(HealthDay News) — Age and obesity affect gene regulation in men with symptomatic benign prostatic hyperplasia, according to a study published in The Journal of Urology.

Seth K. Bechis, MD, from Massachusetts General Hospital in Boston, and colleagues analyzed prostate samples from men undergoing transurethral prostate resection. Common assays were used to evaluate expression of 5-alpha-reductase type 2 protein and gene promoter methylation status. Clinical variables were also assessed.

BMI and age significantly correlated with methylation of the 5-alpha-reductase type 2 gene promoter (P<.05), whereas there was no correlation with prostate volume, prostate-specific antigen or benign prostatic hyperplasia medication. There was a strong association between methylation and 5-alpha-reductase protein expression (P<.0001).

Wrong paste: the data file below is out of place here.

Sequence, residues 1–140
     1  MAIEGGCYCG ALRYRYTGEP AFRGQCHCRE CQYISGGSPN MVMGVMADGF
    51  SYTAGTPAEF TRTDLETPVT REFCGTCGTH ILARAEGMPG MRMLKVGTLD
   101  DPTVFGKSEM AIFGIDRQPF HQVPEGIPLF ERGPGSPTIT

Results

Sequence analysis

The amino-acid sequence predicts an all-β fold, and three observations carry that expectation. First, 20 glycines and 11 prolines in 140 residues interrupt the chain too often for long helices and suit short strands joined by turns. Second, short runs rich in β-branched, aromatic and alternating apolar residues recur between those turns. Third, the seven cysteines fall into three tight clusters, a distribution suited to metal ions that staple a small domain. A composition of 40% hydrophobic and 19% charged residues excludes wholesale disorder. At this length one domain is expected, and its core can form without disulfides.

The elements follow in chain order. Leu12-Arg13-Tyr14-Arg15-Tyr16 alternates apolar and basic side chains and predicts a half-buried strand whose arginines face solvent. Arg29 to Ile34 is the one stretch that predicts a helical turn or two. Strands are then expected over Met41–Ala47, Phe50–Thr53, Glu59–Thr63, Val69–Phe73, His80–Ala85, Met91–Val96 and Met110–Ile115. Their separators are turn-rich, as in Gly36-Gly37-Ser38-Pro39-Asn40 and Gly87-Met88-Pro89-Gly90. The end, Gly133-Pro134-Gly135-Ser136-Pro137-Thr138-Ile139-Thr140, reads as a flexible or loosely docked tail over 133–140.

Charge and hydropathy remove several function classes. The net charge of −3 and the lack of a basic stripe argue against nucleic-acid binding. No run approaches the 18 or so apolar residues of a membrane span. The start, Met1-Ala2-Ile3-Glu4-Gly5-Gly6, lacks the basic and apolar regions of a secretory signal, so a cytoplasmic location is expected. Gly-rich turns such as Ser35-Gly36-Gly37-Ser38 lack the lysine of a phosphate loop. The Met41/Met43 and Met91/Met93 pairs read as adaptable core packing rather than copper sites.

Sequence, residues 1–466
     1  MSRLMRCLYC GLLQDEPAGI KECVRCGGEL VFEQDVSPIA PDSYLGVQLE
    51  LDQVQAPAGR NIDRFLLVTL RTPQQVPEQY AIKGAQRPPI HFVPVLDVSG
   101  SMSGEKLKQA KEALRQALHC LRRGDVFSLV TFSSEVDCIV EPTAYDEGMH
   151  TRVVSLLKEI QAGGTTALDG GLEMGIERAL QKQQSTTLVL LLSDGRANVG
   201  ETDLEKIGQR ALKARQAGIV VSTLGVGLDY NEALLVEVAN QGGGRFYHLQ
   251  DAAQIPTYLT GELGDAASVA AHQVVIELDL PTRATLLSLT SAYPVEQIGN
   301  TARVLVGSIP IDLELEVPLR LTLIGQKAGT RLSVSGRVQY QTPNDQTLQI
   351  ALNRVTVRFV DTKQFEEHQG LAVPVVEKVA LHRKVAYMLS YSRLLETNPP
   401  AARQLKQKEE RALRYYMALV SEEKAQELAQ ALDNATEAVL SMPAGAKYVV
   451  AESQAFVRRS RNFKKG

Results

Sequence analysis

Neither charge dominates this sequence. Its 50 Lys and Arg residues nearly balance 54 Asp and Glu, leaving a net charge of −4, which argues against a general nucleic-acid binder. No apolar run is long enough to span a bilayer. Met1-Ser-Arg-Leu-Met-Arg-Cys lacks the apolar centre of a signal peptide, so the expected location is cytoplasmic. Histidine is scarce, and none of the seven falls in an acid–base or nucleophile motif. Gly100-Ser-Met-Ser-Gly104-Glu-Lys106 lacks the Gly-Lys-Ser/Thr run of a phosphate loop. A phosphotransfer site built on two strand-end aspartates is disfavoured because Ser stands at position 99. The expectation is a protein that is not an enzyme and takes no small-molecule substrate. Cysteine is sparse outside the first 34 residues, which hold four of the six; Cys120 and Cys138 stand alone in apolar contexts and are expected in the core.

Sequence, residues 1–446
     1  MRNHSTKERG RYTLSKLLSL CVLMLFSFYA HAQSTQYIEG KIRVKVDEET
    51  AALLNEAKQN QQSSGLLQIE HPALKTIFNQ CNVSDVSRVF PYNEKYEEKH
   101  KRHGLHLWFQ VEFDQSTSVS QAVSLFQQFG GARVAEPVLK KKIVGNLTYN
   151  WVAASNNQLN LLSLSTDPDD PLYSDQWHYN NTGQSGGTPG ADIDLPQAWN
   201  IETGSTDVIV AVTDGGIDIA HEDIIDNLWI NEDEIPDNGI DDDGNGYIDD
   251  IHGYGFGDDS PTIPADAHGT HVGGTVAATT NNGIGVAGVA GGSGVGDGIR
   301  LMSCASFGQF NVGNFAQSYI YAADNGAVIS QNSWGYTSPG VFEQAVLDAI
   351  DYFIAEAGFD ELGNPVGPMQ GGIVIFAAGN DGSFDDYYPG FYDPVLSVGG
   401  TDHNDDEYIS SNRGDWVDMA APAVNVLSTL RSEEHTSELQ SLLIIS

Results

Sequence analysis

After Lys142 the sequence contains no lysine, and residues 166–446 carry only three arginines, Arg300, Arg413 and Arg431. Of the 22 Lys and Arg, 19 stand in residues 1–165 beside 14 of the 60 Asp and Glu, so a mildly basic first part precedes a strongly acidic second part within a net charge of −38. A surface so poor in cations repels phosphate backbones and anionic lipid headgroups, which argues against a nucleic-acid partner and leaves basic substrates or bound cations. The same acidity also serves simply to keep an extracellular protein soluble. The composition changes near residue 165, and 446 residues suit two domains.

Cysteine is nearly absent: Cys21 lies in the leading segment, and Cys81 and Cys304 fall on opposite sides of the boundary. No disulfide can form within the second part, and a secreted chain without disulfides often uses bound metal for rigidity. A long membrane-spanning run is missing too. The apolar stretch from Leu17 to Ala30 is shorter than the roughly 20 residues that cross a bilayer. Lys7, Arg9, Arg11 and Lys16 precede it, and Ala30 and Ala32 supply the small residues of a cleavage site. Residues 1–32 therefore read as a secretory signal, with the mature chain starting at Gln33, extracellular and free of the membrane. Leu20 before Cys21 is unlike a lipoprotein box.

Results also showed that increasing age and BMI significantly predicted methylation status and protein expression (P<.01), in a predictive model.

“Our findings suggest an individualized epigenetic signature for symptomatic benign prostatic hyperplasia, which may be important to choose appropriate personalized treatment options,” the researchers wrote.

One author disclosed financial ties to the medical device industry.


  1. Bechis SK, Otsetov AG, Ge R, et al. Age and Obesity Promote Methylation and Suppression of 5α-Reductase 2: Implications for Personalized Therapy of Benign Prostatic Hyperplasia. J Urol. 2015;194(4):1031-1037.